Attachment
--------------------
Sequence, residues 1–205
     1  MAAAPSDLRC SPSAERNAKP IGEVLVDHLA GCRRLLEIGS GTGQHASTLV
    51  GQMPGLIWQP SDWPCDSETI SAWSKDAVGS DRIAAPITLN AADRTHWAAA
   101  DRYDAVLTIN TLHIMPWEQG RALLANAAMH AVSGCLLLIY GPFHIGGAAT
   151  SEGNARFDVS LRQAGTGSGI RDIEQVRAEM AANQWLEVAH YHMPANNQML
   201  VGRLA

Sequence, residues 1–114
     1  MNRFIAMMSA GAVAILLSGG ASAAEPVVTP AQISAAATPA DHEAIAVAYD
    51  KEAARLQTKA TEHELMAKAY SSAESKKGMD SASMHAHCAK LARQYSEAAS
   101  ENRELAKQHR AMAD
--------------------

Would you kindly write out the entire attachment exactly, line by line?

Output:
Sequence, residues 1–205
     1  MAAAPSDLRC SPSAERNAKP IGEVLVDHLA GCRRLLEIGS GTGQHASTLV
    51  GQMPGLIWQP SDWPCDSETI SAWSKDAVGS DRIAAPITLN AADRTHWAAA
   101  DRYDAVLTIN TLHIMPWEQG RALLANAAMH AVSGCLLLIY GPFHIGGAAT
   151  SEGNARFDVS LRQAGTGSGI RDIEQVRAEM AANQWLEVAH YHMPANNQML
   201  VGRLA

Sequence, residues 1–114
     1  MNRFIAMMSA GAVAILLSGG ASAAEPVVTP AQISAAATPA DHEAIAVAYD
    51  KEAARLQTKA TEHELMAKAY SSAESKKGMD SASMHAHCAK LARQYSEAAS
   101  ENRELAKQHR AMAD